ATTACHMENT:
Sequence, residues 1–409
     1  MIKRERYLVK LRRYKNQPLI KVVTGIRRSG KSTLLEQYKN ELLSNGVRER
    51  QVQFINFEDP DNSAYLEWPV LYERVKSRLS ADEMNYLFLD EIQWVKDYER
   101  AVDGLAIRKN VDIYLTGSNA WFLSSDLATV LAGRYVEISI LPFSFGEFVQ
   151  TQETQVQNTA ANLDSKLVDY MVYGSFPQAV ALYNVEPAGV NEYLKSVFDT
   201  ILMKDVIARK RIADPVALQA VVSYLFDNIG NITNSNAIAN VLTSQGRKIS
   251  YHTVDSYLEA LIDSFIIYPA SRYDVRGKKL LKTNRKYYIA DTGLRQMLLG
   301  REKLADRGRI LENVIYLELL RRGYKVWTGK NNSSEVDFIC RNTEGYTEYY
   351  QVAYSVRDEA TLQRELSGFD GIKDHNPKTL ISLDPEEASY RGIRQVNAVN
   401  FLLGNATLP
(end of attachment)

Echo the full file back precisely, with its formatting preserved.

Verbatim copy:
Sequence, residues 1–409
     1  MIKRERYLVK LRRYKNQPLI KVVTGIRRSG KSTLLEQYKN ELLSNGVRER
    51  QVQFINFEDP DNSAYLEWPV LYERVKSRLS ADEMNYLFLD EIQWVKDYER
   101  AVDGLAIRKN VDIYLTGSNA WFLSSDLATV LAGRYVEISI LPFSFGEFVQ
   151  TQETQVQNTA ANLDSKLVDY MVYGSFPQAV ALYNVEPAGV NEYLKSVFDT
   201  ILMKDVIARK RIADPVALQA VVSYLFDNIG NITNSNAIAN VLTSQGRKIS
   251  YHTVDSYLEA LIDSFIIYPA SRYDVRGKKL LKTNRKYYIA DTGLRQMLLG
   301  REKLADRGRI LENVIYLELL RRGYKVWTGK NNSSEVDFIC RNTEGYTEYY
   351  QVAYSVRDEA TLQRELSGFD GIKDHNPKTL ISLDPEEASY RGIRQVNAVN
   401  FLLGNATLP